'Catalyst' Caine Wins Watanabe Award

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BioCrossroads says Caine helped reduce black infant mortality rate to its lowest level in the city's history. BioCrossroads says Caine helped reduce black infant mortality rate to its lowest level in the city's history.
INDIANAPOLIS -

Marion County Public Health Department Director Virginia Caine is this year's Watanabe Life Sciences Champion of the Year. BioCrossroads presented the award this morning at the Life Sciences Summit in Indianapolis. The organization calls Caine an "ardent voice for public health and access to medical care for the disadvantaged." She is a former president of the American Public Health association and also serves as an associate professor at the Indiana University School of Medicine.

BioCrossroads presents the Watanabe Award each year to an individual or organization it says has "made or enabled unique achievements in the development of Indiana's life sciences and healthcare research, clinical, educational or economic advancement." The award is named after former BioCrossroads Chairman August Watanabe.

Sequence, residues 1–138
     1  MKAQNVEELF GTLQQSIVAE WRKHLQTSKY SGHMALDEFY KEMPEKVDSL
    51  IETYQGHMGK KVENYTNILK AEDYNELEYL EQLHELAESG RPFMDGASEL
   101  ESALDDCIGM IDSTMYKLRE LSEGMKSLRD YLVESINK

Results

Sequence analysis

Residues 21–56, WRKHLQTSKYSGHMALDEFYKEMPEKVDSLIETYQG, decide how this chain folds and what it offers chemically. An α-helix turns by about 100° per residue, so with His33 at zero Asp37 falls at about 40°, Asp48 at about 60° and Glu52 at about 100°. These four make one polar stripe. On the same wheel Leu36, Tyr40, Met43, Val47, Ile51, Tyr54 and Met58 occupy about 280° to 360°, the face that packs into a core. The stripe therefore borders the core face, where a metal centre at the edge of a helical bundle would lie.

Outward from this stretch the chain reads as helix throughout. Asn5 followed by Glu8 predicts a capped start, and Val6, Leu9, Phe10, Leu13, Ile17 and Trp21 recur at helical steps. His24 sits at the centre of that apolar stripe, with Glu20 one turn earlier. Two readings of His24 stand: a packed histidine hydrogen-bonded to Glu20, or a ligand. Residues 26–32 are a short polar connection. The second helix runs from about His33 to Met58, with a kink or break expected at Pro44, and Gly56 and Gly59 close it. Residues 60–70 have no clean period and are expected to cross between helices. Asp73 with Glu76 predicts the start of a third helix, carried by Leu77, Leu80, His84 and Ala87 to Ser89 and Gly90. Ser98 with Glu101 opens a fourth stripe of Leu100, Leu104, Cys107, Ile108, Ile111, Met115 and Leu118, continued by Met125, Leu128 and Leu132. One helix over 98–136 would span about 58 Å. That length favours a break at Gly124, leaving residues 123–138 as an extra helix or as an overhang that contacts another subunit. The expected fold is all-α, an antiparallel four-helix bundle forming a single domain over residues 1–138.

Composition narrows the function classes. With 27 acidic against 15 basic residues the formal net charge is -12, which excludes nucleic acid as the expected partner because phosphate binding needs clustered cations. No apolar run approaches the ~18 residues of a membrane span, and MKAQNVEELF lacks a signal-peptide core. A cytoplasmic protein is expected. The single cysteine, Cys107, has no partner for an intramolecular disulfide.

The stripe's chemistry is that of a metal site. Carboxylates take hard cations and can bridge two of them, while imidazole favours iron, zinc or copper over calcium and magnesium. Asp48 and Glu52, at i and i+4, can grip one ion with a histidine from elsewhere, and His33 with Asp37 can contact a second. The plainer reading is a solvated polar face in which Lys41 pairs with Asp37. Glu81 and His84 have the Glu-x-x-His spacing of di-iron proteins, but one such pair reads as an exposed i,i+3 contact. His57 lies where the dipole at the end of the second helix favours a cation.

During her tenure as Marion County Public Health Department director, Caine established a countywide HIV/AIDS health care delivery system connecting hospitals, community health centers and social service agencies. She also helped establish the county's first HIV dental clinic. She has also put a focus on infant mortality, especially in the African American community. As co-director of the Indianapolis Healthy Babies Initiative, BioCrossroads says Caine helped reduce a record-level black infant mortality rate to its lowest level in the city's history.

Caine joins previous winners including former Eli Lilly and Co. Chief Executive Officer John Lechleiter, Cook Group founder Bill Cook and Indiana University chemistry professor and Marcadia Biotech co-founder Richard DiMarchi.

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